Alison Taylor-Brown has an MFA in Fiction and a lifetime of teaching experience from preschool to university levels. She directs The Village Writing School, whose mission is to foster the development of area writers through workshops, writers’ circles, and coaching. Her column, Village View, appears weekly. To talk to Alison about your writing goals and dreams, contact her at or 479 292-3665.

different from the creative impulse that leads us to the page. Knowing where our work fits, where to submit it, and what to make of the rejections we receive is challenging. On Saturday, May 31, we’ll be talking about these issues and more in a workshop titled “It’s Not Who You Know: Tips for Publishing and Winning Priz-

es,” at The Village Writing School. Join us this Saturday when Kelly shares what she’s learned about how your work can take you places, improve your bank account, and be appreciated by an audience. The Village Writing School is located at 177 Huntsville Road. You can register on line at

Village Writing School share her knowledge of contests, agents, May 31: Writing a Self-Help, How-To fellowships, publishing, platforms, and Book the amazing world of writing residencies. Kelly Madigan June 22: Tales from the South – Paula 10 am – Noon $20 Morell Have you overcome obstacles? Oral Storytelling Do you have hard-won wisdom that can Location: Rogers, AR at 1st & Popular illuminate another’s pathway? 1 pm - 4 pm Kelly Madigan, author of the how-to Learn to write and present your work for book Getting Sober: A Practical Guide radio and public storytelling. to Making it Through the First 30 Days, Tale on the Rails includes a 2-hour workpublished by McGraw-Hill, will show shop and 1-hour train ride. you how to turn your personal experience and insights into marketable essays Enrollment is limited. June 26: Memoir Series and how-to books. Rebecca Mahoney May 31: It’s Not Who You Know: Tips How to create a true scene for Publishing and Winning Prizes – How to incorporate dialogue, Kelly Madigan 2 pm – 4 pm $20 How to create a story arc How to create characters. Win prizes from literary magazines, reWhere to draw the truth line? ceive a fellowship from the National EnPart workshop, part writing circle, this dowment for the Arts, and get invited to 3-afternoon series will allow you to get amazing locations to settle in and write some feedback on your story and your for up to a month at a time – while they pay you to be there.   writing. Limited to 8. $90 Reserve your Kelly Madigan has done all this and will spot by calling 479 292-3665. Register online at For more information, contact  or 479 292-3665. Follow Village Writing School on FB.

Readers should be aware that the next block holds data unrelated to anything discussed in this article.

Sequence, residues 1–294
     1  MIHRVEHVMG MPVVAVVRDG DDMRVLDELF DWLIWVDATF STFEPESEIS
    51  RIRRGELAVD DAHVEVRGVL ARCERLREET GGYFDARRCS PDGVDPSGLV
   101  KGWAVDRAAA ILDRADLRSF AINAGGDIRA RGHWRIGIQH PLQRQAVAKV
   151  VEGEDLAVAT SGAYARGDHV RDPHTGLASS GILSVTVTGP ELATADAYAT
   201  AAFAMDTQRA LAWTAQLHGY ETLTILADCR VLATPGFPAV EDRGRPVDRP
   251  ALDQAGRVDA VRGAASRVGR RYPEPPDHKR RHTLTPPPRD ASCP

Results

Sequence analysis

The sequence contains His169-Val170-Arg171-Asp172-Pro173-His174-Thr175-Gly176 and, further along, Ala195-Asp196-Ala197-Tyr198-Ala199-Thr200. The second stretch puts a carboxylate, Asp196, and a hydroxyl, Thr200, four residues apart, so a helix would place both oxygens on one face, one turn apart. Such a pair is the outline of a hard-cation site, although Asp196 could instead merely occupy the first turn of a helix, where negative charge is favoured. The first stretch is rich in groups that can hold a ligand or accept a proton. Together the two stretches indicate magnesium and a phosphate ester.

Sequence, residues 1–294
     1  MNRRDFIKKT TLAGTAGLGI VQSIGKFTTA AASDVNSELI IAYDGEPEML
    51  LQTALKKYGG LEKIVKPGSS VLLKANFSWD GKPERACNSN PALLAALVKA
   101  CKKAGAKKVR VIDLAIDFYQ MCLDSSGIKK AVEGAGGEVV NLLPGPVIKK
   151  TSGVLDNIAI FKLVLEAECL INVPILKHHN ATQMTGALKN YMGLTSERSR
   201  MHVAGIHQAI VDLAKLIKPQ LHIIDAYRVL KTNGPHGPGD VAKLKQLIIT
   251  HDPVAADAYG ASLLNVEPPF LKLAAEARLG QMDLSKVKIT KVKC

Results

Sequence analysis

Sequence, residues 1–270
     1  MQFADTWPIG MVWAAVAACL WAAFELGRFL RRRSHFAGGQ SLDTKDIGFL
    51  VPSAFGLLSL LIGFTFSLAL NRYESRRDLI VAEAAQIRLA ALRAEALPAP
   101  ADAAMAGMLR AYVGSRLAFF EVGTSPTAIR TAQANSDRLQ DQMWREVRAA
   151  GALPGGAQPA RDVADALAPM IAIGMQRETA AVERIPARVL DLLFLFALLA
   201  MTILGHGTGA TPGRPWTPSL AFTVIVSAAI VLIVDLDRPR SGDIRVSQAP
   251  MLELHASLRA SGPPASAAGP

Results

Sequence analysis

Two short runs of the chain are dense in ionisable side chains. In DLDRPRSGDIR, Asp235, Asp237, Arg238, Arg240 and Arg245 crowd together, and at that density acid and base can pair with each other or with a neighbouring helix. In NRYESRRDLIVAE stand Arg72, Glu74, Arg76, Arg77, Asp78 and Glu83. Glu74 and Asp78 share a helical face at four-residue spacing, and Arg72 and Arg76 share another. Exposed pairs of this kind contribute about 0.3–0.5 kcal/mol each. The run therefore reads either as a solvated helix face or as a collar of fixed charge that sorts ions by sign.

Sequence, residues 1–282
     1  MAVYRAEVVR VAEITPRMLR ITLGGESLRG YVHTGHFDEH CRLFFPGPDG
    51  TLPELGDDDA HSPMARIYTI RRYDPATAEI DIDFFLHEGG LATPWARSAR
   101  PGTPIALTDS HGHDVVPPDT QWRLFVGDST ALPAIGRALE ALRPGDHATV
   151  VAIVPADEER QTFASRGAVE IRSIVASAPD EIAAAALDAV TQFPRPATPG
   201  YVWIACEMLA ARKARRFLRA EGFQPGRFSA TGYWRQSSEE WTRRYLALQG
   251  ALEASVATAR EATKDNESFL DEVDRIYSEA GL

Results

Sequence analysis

May 29, 2014 – Lovely County Citizen – Page


Calendar of Events May 29: Spring Equinox CD/DVD Release Party

The Spring Equinox CD/DVD Release Party is scheduled for Thursday, May 29, from 6 to 9 p.m. at Caribe. At the event CDs and DVDs are half price ($5/$10) to each Concert Performer and Sponsor. Bring a friend to the party. There will also be a salsa bar, compliments of KJ. Enjoy a moment to reflect on some good times and catch up on what’s happening.

May 29 & July 16: A Taste of Opera

A Taste of Opera will be at the 1886 Crescent Hotel on May 29 and July 16, from 6 to 8 p.m. Reserve your seat right away for a meal with Opera in the Ozarks singers going from table to table singing your favorite arias and Broadway songs. Tickets are $55 each. To purchase tickets, call 479-253-8595, or buy tickets online at

May 31: Kings River clean-up in Carroll County

The Kings River Watershed Partnership will host its annual clean-up of the Carroll County portions of the Kings River on Saturday, May 31. Participants are asked to arrive at 8 a.m. at the put-in 2.7 miles north of Highway 62 on Highway 143, which is between Eureka and Berryville. There will be a roadside sign at the turn-off to the river access, directly across from Kings River Rapids. Dress for the weather and pack a lunch. A cookout, door prizes and music are planned for after the clean-up. For more information or weather updates, call Ray at 870 654-4134 or email

May 31: Writing a self-help, how-to book